by Aditi Sethi-Brown, MD, Hospice and Palliative Medicine Physician
Creative ways of exploring death and dying in our community was the theme of the gathering where I met Grigsby and Anne a year ago. They were a notable couple: Grigsby, a tall, slender, intelligent, poised male - a Yale-trained historian and Jungian philosopher and Anne, a beautiful, eloquent and thoughtful woman – a former counselor. Recently, I had the honor of bearing witness to Grigsby’s dying process, an experience that has deeply impacted my thoughts about end-of-life care. Grigsby chose to consciously approach the end of his life with strength, equanimity, courage, honesty and mindfulness, with little medical intervention from the time of a terminal diagnosis until his death in his own home seven weeks later. As a Hospice and Palliative Medicine physician, I’ve had the honor of supporting many individuals through their dying process, focusing on physical, emotional and spiritual care. However, until my experience with Grigsby’s death and after-death care, I had not fully appreciated what it meant to have “a conscious death” or “a natural death.”
I was between Phase I and Phase II of the Conscious Dying Institute’s Sacred Passage Doula training when I met with Grigsby and Anne, two weeks after Grigsby was diagnosed with an inoperable brain tumor. I connected with them, not as a physician, but as a friend - essentially as a doula - offering support, love and presence during a period of great uncertainty in their lives. Grigsby was an active, engaged member of his community and lived a full life. However, his life took an unexpected turn when he presented to his local emergency department for evaluation of increased confusion and difficulty finding words. His medical workup revealed a left frontal mass extending into the corpus callosum, the part of the brain responsible for transmitting neural messages between both hemispheres. After consultations with the neurologists and neurosurgeons, he elected to forego a diagnostic biopsy and any potential life-prolonging measures and return home to prepare for his death. Courage. The weeks that followed involved deep inner work, contemplation and self-reflection as well as outward attention to details regarding practical and interpersonal matters. Honesty. Grigsby was very intentional about how he spent his time and with whom he interacted in his last few weeks of life. Mindfulness. As he lost his ability to communicate verbally, he must have felt isolated at times. Despite this, he continued to do the inner work of preparing for his death with great discipline. Strength and Equanimity.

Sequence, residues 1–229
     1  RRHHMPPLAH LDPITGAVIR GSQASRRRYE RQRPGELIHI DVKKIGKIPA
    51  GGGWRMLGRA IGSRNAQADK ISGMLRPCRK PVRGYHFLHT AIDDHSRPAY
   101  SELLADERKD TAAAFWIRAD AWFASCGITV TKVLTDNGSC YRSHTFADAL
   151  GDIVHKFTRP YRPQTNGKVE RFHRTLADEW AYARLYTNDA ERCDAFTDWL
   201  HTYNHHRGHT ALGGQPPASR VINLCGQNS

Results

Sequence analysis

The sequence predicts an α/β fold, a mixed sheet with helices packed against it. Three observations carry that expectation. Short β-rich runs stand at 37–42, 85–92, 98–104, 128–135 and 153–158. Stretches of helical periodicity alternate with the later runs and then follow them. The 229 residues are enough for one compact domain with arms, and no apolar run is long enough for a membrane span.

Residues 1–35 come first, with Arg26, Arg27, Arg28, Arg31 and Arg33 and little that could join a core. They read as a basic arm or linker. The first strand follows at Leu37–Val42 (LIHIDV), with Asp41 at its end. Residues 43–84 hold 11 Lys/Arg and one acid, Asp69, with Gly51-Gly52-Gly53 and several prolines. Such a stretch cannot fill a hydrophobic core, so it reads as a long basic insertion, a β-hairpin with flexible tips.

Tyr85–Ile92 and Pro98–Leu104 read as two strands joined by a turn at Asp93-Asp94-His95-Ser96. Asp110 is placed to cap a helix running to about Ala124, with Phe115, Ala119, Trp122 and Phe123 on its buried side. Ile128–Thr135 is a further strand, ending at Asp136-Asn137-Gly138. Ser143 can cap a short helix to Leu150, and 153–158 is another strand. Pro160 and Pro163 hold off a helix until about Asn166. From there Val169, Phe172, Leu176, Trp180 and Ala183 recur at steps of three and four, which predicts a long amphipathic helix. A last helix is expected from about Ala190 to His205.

During my time with Grigsby I was aware of the principles taught in the doula training program and how they were revealing themselves in my interactions with Grigsby and Anne. My medical knowledge and experience were only a small part of my offering to them as they had a Hospice physician and Hospice team to support them already. I was reminded that death does not have to be solely a medical event and that it is a natural phenomenon. I offered an open heart and mind, a safe space to talk about his approaching death, and acceptance of his choices regarding his medical care, including the fact that he was not eager to use pharmaceuticals to treat his symptoms. The use of complementary and alternative modalities, including essential oils and homeopathy, CBD oil, and acupuncture, served him and Anne throughout his dying process. I chanted with him, shared Tarron Estes’ Practice for Death Meditation in song, held a fire circle for him with members of his community, and discussed his fears, concerns and wishes with him and Anne. I cherished my time spent with both of them as they navigated the complexity of their experience. I completed Phase II of the CDI Sacred Passage Doula Training on Augusta 13th and Grigsby died on August 26th. He died a peaceful, comfortable death in his own home with Anne by his side. The care of his body after his death, including a home funeral and green burial, was also very intentional and inspiring and deserves its own blog!
A professor of history and an educator much of his life, Grigsby continues to teach others. He certainly was my teacher during the doula training program and beyond. His life and death illuminate one way to approach death consciously - with attention, intention and honesty. He faced his fears, confronted his mortality with curiosity, acknowledged and expressed a range of emotions during his dying process, and prepared for his inevitable passage in a way that I hope others can feel empowered and supported to do.
Aditi is a Hospice and Palliative Medicine physician, a Sacred Passage end-of-life doula, and a musician living in Asheville, NC. She is committed to caring for those dying, engaging in the conversation around death, and exploring the impact of death awareness on the experience of living.